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Francis Jackson Garrison, William Lloyd Garrison, 1805-1879; the story of his life told by his children: volume 2 2 0 Browse Search
Francis Jackson Garrison, William Lloyd Garrison, 1805-1879; the story of his life told by his children: volume 1 2 0 Browse Search
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15; praises him, 2.122; defection, 293. Hallett, Benjamin F. [1797-1862], edits Daily Advocate, 1.482; censures Mayor Lyman, 2.32, 43; on Lovejoy's death, 187. Hallowell, Morris L. [b. Aug. 14, 1809; d. June 16, 1881], 2.217. Hamilton, James [1786-1857], message concerning Lib., 1.241, visits New York, 2.1. Hammond, Ann Eliza, 1.317. Hancock, —, Dr. (of Liverpool), 1.349. Hancock, John, 2.29, 189. Harris, Andrew, persecutes Miss Crandall, 1.322, has G. indicted, 391. Harris, Beulah, 1.145. Harris, I. L., 1.248. Harris, John H., 1.70. Harris, Marcia, wife of Charles, 1.318. Harris, Mary, 1.318. Harris, Sarah, pupil of P. Crandall, 1.318; dismissal called for by town, 319. Harrison, William Henry [1773-1841], proslavery, 2.414; election opposed by Lib., 81, 333, 349, Webster preferred by G., 82; nominated for President, 434; carries away Whig abolitionists, 415, 428, 436, elected, 428. Hartford (Conn.), negro pew, 1.253. Harvey, Alexander, Rev., 2.371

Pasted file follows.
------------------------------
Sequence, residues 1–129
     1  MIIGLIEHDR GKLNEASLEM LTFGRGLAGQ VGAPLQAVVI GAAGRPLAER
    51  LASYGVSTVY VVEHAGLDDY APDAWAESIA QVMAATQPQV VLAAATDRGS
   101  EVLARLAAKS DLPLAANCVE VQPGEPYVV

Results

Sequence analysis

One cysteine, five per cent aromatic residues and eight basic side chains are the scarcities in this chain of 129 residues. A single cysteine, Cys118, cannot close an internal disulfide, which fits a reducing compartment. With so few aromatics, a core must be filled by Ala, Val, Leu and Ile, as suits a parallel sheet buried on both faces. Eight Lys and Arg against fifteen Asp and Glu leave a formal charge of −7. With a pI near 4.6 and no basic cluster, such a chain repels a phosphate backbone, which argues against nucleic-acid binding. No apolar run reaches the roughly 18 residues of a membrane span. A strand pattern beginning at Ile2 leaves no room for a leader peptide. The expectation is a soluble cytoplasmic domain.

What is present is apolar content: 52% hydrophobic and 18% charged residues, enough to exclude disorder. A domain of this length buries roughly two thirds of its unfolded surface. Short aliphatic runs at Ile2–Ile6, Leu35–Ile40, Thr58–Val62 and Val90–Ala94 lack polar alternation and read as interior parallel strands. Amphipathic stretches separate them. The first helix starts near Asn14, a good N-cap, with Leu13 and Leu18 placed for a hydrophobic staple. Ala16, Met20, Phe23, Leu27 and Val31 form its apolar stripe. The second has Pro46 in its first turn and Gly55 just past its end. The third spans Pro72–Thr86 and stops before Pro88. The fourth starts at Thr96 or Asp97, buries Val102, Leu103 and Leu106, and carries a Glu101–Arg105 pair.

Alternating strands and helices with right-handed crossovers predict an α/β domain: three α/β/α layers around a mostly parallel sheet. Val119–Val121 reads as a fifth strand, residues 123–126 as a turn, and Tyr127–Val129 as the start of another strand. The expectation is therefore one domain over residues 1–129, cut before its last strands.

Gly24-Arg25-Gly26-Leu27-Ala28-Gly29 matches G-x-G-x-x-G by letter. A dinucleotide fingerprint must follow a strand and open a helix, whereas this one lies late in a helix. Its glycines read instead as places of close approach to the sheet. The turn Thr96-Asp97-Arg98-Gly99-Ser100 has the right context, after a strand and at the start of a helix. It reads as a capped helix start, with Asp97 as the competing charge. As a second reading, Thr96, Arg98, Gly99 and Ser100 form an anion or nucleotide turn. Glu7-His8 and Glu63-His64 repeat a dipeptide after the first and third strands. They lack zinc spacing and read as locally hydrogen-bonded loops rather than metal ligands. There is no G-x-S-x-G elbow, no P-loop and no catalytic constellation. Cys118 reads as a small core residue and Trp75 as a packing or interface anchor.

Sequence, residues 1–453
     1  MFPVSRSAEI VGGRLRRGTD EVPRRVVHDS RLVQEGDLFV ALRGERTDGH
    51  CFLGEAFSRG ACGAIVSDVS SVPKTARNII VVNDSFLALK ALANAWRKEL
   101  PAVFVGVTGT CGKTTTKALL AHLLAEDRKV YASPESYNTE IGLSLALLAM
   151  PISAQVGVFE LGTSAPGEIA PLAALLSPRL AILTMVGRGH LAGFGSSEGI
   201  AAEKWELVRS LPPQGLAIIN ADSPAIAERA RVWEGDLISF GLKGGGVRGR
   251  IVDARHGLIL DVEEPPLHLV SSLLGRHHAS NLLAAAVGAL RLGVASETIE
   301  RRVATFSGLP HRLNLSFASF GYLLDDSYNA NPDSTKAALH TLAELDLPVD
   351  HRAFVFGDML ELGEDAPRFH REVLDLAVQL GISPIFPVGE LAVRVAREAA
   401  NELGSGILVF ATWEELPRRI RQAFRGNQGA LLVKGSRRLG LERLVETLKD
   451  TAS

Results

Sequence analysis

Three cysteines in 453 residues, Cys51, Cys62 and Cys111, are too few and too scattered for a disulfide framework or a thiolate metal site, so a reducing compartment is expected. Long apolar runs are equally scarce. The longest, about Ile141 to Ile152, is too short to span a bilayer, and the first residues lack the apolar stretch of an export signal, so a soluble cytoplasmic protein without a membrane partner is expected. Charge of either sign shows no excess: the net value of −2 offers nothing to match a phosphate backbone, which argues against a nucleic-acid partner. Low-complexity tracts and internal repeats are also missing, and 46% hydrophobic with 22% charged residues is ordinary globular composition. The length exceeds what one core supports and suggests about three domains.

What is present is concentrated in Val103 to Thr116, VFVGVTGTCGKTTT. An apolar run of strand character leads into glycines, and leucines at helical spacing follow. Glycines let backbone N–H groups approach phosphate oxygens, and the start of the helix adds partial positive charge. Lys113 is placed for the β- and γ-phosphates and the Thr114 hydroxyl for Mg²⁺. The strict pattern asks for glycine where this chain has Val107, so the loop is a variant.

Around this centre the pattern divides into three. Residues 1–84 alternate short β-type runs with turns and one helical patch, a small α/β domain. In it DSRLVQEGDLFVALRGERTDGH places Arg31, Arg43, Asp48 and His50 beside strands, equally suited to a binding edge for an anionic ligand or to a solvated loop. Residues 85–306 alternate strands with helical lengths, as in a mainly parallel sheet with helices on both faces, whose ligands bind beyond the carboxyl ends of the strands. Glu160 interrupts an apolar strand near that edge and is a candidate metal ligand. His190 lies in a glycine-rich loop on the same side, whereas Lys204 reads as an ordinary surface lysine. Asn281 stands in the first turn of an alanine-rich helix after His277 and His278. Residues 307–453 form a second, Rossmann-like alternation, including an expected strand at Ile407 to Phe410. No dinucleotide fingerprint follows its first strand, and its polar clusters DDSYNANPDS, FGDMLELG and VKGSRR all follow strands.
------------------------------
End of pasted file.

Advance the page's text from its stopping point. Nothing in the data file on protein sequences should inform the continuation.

Francis Jackson Garrison, William Lloyd Garrison, 1805-1879; the story of his life told by his children: volume 1, Chapter 6: the genius of Universal emancipation.1829-30. (search)
d have fallen dead, making no stir or impression, and being consigned to a speedy oblivion, in which it remained until discovered and reprinted in 1840 by the American Anti-Slavery Society; but the writer had the disadvantage of publishing his work in an obscure town and a remote State, where he had no facilities for forcing it upon the attention of the country at large. Nor did he follow it up by dedicating his life to the cause. Lundy and his partner boarded with two Quaker ladies, Beulah Harris and sister, who lived at 135 Market Street, and their circle of acquaintances was limited to a few Quaker friends and some of the more intelligent colored people of the city. Among the former, John Needles, who subsequently attained a ripe age and lived to see slavery abolished, was one of the truest and most devoted; while among the latter were William Watkins (probably the Colored Baltimorean subsequently referred to), Jacob Greener, and his sons Richard W. and Jacob C. Greener. Ja